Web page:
Mrs Veris Carnegie

Veris Carnegie was born in St Elizabeth, Jamaica in 1938. She flew to the UK to join her husband Clement in 1961.

Items in this story:

  • Use stars to collect & save items
  • 1,016
  • login to save

A Jamaican childhood

Veris grew up in Mountainside where her parents were bakers. Her father’s name was Fred Mullins and he came from Barbary Hall.

Veris would help to make bread, buns and cake for her parents shop and the night market that was popular with local policemen from Black River, Santa Cruz and Maggotty.

Among her favourite recipes were bulla cake – a rich Jamaican cake made with molasses, nutmeg and ginger – and cocoa bread.

The family were Anglican and Veris sang in the choir.

Coming to the UK

Veris waved her husband Clement goodbye on New Year’s Eve 1959 and didn’t see him again until 1961 when he sent for her to join him in the UK.

Clement had been renting a flat in Wolverhampton but when his wife arrived, the couple moved to Newport where Clement’s brother Stanley was already living.

Like many Caribbean people, the couple left their two children – Patrick and Viveen – behind in the care of Veris’s mother.  Both children remained in Jamaica and the Carnegies paid for them to go to college there. Viveen is now a teacher on Grand Cayman.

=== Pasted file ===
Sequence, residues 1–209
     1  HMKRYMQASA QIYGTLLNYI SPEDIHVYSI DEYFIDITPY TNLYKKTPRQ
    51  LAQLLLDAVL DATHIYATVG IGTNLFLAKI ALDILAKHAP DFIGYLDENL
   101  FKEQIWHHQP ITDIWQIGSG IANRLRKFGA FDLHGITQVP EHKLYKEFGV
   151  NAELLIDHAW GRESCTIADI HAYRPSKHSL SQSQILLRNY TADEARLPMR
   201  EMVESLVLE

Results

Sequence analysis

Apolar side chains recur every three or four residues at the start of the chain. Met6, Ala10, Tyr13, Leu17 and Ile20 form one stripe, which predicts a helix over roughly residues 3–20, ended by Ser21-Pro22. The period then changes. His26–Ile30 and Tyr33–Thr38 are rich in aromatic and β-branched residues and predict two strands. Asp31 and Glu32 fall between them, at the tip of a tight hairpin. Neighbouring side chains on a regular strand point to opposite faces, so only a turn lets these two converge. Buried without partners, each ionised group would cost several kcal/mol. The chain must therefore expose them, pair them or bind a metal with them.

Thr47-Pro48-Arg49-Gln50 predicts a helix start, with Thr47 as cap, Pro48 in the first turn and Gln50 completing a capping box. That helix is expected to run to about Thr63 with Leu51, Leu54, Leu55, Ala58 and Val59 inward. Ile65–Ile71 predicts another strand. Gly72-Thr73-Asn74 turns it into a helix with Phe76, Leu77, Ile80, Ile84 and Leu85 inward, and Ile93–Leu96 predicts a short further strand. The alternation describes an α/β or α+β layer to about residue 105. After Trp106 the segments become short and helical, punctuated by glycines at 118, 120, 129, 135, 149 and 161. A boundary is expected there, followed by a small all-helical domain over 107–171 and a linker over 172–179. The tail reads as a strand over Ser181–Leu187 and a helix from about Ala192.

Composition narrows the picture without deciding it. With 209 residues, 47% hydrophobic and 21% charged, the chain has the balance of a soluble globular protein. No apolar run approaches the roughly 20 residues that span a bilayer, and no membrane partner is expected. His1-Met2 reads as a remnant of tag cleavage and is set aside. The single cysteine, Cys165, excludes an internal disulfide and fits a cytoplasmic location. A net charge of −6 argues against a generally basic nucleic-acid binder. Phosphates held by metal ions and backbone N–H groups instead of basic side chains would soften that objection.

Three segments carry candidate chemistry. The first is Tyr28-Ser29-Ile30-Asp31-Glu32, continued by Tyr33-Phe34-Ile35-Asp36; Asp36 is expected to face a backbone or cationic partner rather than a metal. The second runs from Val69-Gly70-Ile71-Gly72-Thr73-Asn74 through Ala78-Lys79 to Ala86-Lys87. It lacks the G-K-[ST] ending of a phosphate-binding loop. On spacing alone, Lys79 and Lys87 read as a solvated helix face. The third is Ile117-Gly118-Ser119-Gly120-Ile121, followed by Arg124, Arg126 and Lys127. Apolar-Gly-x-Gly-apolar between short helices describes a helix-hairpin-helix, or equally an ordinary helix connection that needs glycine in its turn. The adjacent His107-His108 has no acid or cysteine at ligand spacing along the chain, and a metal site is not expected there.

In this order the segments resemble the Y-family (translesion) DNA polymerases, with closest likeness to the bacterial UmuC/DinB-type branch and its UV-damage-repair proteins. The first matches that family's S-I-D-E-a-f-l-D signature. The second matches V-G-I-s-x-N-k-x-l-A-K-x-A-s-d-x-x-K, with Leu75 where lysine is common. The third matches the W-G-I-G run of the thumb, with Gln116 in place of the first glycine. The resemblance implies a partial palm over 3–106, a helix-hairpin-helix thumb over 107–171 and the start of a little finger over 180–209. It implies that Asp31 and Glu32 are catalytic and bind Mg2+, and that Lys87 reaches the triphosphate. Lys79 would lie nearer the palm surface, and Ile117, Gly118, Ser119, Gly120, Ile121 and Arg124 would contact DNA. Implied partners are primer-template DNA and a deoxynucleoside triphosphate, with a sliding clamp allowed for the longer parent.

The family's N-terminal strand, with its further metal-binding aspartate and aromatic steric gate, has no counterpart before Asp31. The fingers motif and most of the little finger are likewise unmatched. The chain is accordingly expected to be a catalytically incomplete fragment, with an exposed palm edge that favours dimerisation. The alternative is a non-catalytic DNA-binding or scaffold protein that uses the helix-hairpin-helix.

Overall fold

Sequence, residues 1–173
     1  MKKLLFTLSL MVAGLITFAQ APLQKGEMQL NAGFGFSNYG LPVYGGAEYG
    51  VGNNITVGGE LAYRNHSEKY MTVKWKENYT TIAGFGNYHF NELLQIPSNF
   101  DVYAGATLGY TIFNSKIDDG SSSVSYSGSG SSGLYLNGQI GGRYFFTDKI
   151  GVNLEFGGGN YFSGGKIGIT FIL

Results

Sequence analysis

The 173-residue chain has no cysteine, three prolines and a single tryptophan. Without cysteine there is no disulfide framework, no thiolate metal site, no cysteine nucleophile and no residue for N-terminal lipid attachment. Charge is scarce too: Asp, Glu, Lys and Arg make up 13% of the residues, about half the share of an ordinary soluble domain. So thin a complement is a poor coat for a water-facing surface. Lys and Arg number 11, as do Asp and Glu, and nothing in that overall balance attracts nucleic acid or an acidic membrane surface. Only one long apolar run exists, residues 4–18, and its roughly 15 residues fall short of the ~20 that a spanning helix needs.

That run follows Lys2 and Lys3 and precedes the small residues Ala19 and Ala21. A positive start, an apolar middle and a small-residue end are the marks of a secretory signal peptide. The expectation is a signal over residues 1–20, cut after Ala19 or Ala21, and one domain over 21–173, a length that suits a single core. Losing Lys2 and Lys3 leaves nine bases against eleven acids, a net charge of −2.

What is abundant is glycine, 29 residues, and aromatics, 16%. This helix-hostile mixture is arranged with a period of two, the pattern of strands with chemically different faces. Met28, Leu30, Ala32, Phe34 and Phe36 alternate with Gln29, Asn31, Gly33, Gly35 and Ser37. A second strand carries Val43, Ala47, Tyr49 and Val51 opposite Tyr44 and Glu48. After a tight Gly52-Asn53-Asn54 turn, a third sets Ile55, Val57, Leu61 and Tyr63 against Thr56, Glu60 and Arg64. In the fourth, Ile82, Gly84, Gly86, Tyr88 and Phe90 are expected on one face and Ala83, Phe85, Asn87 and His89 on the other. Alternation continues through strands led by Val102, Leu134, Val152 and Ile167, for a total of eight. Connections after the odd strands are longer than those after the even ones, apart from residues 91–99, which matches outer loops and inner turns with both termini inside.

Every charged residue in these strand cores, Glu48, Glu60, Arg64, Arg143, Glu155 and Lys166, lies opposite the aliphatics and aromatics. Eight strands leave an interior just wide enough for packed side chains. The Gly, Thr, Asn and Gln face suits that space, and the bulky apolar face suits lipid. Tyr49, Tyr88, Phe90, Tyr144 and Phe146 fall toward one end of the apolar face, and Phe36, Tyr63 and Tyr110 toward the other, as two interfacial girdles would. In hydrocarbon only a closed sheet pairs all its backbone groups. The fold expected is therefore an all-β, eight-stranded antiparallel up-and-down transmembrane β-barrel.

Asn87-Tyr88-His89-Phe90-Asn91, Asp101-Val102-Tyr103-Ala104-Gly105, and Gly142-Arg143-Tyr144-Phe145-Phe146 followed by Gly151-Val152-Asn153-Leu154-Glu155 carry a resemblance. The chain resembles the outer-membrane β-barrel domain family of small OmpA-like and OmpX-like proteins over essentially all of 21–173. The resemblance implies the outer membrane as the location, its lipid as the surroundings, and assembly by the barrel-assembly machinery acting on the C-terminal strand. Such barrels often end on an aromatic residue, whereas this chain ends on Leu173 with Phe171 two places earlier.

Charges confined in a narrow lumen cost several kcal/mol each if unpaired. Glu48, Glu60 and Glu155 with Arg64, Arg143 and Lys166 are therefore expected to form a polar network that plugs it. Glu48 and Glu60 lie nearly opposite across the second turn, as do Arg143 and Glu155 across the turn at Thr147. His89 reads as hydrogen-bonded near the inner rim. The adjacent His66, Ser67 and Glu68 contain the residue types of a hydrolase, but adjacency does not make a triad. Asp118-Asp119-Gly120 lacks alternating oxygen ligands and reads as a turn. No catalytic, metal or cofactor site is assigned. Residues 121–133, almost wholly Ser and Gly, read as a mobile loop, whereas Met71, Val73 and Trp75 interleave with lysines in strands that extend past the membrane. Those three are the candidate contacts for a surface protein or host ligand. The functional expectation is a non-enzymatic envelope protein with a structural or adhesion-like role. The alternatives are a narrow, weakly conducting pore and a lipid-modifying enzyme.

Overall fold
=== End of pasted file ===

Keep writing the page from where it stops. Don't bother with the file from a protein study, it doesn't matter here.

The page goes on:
In Newport, Veris soon found work at Crompton Batteries where she stayed for eight years.

The Kendal railway crash

Veris remembers hearing about the Kendal railway crash on September 1, 1957, which left nearly 200 dead and 700 injured.

She recalls how the train left the railway line and fell to the bottom of a narrow gully. The terrain was not level and the train had to go around a hill.

The Caribbean community in Pill

In Newport, the Carnegies lived at 3 Capel Crescent, Pill. Their immediate neighbours were Thomsons furniture shop (which is still trading) and a garage with huge doors.

In those days, no-one in Pill locked their front doors, not even at night. Veris remembers once mistaking the house next door for her own; she was halfway up the stairs before her elderly neighbour stopped her. 

The Caribbean community was strong in the 1960s and 1970s, with blues parties and dancing every Saturday night. The Carnegies would dance the night away at the popular Silver Sands on Commercial Road.

Veris wrote home regularly, putting money in her letters.


Comments (0)

You must be logged in to leave a comment